AI4Soilhealth is an EU-funded project that aims to accelerate the collection and use of soil information using AI technology in support of the Soil Deal for Europe and the EU Soil Observatory. Its ultimate goal is to help future farmers and land managers discover and adopt innovative agricultural techniques and practices by providing new tools to measure soil health without the need for laboratories. By using AI technology, farmers and land managers will be able to monitor and predict the soil health of their territories across Europe.
*The project is funded by the Horizon Europe programme as part of the EU’s Soil Health Mission for 2030.
AI4SoilHealth is powered by the consideration that we all depend on good soils. Indeed, healthy soils can absorb carbon, improve yields, reduce flooding and increase biodiversity. Today, it is estimated that between 60% and 70% of the EU’s soils are unhealthy.
Soils are under pressure from current agricultural practices and the growing demand for food production. The consequences of these practices include the loss of organic matter, biodiversity, and soil itself through compaction by heavy machinery and erosion.
To reverse the trend, AI4SoilHealth aims to understand which practices work and which do not, starting with mapping changes into the future to make the right plan for the right landscape. Developing an effective measurement tool is crucial for land managers and policy makers to gain confidence in making changes to their farming practices that improve soil health and resilience. That is why AI4SoilHealth will develop a free app that combines artificial intelligence and the latest soil health measurement techniques to help farmers and growers across Europe change their management practices for the better.
The 28 partners in 11 EU countries will spend the next 3 years collecting data from farms and pilot sites across Europe to build a working model. The challenge includes sharing lessons learned from the regions, educating people on the latest soil health measurement techniques, and sharing stories from the European soil practitioner community.
AI4SoilHealth has 8 objectives:
- reduce land desertification;
- conserve soil organic carbon stocks;
- halt soil sealing and increase reuse of urban soils;
- reduce soil pollution and improve soil remediation;
- prevent soil erosion;
- improve soil structure to enhance soil biodiversity;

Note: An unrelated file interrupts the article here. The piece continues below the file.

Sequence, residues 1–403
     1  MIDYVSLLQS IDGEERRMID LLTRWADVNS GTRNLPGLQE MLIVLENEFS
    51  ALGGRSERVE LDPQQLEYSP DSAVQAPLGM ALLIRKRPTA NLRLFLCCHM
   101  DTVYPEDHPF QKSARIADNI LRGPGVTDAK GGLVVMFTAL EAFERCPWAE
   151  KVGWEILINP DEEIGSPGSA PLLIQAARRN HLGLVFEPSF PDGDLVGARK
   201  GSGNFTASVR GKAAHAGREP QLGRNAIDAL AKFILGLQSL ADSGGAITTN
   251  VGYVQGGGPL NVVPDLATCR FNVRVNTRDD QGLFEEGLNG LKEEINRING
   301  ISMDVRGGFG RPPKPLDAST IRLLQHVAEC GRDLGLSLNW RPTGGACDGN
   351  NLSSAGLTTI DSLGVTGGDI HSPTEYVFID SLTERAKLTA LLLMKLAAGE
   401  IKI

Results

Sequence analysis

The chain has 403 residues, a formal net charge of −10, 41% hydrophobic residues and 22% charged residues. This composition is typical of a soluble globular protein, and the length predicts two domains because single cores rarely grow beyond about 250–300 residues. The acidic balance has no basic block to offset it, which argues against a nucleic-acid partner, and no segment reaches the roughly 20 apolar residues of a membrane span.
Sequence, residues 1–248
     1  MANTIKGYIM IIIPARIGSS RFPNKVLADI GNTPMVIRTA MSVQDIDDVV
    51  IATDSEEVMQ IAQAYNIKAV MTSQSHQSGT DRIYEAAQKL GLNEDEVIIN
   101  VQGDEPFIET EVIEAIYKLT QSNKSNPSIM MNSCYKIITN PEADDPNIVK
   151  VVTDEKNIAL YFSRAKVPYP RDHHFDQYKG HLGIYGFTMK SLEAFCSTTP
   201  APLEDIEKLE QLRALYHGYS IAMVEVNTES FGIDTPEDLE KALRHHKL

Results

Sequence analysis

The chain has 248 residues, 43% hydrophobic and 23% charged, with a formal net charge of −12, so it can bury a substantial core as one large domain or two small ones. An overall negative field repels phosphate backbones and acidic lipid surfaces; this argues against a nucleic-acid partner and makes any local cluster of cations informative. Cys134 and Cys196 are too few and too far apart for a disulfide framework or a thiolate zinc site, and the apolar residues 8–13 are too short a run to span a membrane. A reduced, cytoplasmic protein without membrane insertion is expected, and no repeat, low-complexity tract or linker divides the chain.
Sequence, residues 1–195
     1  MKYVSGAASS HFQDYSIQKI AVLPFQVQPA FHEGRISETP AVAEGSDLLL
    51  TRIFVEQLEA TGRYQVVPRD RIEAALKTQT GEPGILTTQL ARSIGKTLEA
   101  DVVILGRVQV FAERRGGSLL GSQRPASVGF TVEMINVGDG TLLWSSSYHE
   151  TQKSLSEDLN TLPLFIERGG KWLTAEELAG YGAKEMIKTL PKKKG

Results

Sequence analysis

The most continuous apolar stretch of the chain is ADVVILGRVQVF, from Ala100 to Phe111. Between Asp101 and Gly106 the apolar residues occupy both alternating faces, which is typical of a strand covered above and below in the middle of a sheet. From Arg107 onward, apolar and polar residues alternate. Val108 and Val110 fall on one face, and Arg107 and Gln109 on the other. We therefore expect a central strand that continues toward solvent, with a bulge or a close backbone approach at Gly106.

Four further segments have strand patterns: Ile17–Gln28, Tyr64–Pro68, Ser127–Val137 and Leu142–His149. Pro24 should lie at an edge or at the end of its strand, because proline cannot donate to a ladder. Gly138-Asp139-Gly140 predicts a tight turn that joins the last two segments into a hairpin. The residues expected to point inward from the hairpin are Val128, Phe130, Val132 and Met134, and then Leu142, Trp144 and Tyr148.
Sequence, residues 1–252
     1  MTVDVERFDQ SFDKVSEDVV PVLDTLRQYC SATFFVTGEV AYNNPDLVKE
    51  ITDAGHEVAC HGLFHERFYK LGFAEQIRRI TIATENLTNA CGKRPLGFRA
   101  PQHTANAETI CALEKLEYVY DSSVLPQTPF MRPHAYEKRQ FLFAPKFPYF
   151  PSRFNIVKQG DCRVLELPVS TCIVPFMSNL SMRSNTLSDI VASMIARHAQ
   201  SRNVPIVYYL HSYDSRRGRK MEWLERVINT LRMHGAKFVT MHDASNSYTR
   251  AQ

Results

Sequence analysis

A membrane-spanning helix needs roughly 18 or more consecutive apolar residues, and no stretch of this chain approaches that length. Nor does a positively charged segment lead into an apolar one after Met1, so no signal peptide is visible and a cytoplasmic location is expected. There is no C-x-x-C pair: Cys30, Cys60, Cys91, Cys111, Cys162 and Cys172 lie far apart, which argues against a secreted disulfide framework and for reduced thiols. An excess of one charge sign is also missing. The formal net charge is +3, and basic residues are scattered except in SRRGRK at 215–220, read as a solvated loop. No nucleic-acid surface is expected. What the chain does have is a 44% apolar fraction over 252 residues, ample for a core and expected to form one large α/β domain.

- reduce the EU’s global soil footprint;
- improve soil literacy in society;
- as part of this work, develop 100 living labs and lighthouses to carry out practical on-the-ground experiments and showcase regenerative practices. AI 4 Soil Health will work with these projects to ensure that good measurement tools are at the heart of soil restoration.
AI4Soilhealth will also use relationships and networks from existing projects and programmes to bring together a wide range of stakeholders ‘on the ground’ in 11 countries (covering 11 of the 13 pedoclimatic regions in Europe). The pilot sites are expected to be involved in:
- multi-stakeholder involvement and engagement: universities, researchers, SMEs / NGOs, farmers and growers, landowners, foresters, etc;
- using existing and new datasets to test AI4SoilHealth predictions, different soil health topics;
- accessing existing national datasets, including LUCAS sampling sites;
- engaging with existing networks; soil managers, soil user communities for co-design of AI4SoilHealth tools;
- employing resources for data collection and accessing laboratories for analysis;
ISINNOVA is involved in the science-policy engagement and stakeholder dialogue.
Among the activities led by ISINNOVA are the:
- analysis of data gaps and policy needs for Soil Health (via desk review, semi-structured interviews with EU officials/stakeholders and a consolidation workshop);
- Synchronisation of EU policies and AI4SoilHealth through an assessment of innovative policies, land management practices and economic incentives (eco-schemes and carbon farming) able to promote integrated soil heath strategies and allow for the application of current and future soil-related policies. This will include the organisation of a series of EU (European Commission DGs) workshops.
ISINNOVA | Aarhus University, Department of Agroecology (Project Partner lead) | Soil Association | Johann Heinrich von Thünen Institute | Natural Resources Institute Finland (Luke) | Roma Tre University | RegenEarth BV (former Sustinn) | University of Basel, Environmental Geoscience department | University of Aberdeen | Stockholm University | NEIKER – Basque Institute for Agricultural Research and Development | University of Zagreb Faculty of Agriculture (UniZgFAZ) | Max Planck Institute for Biogeochemistry | Digit Soil | International Institute for Applied Systems Analysis | ETH Zurich – Physics of Soils and Terrestrial Ecosystems | UK Centre for Ecology and Hydrology | Planet Labs (covers Planet Labs Germany GmbH and its affiliated entity Vandersat B.V.) | MultiOne | OpenGeoHub Foundation | The Centre for Agricultural Research (ATK) | Aalborg University (AAU), Department of the Built Environment, Soil Technology Research Group | Hamburg University of Technology (TUHH) | Sorbonne University | Bern University of Applied Sciences (BFH), School of Agricultural, Forest and Food Sciences (HAFL) | Aristotle University of Thessaloniki, Laboratory of Remote Sensing, Spectroscopy and GIS